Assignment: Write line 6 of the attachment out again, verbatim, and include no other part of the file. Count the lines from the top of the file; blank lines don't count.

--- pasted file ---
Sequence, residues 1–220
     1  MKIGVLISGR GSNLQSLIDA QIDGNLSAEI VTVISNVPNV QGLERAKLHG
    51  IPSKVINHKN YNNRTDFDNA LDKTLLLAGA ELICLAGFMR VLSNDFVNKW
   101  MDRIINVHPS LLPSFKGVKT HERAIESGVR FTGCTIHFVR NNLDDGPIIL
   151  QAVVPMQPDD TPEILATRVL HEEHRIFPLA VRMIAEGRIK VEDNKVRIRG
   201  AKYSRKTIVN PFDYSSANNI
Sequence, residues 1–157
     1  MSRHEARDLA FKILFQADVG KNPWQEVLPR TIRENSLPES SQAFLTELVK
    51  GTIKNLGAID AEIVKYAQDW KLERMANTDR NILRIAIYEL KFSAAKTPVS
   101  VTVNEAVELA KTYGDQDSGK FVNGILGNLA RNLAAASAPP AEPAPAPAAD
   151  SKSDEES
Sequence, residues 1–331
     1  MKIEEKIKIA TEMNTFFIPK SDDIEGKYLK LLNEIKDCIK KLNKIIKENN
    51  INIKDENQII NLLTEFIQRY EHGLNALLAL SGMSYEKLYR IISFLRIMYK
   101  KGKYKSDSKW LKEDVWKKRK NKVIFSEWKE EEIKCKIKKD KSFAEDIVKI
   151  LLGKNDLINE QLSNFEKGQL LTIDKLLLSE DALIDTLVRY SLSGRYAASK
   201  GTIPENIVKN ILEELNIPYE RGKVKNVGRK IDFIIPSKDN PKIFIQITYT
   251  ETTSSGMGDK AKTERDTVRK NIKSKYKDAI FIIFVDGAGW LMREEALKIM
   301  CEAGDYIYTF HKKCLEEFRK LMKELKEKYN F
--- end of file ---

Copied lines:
   201  AKYSRKTIVN PFDYSSANNI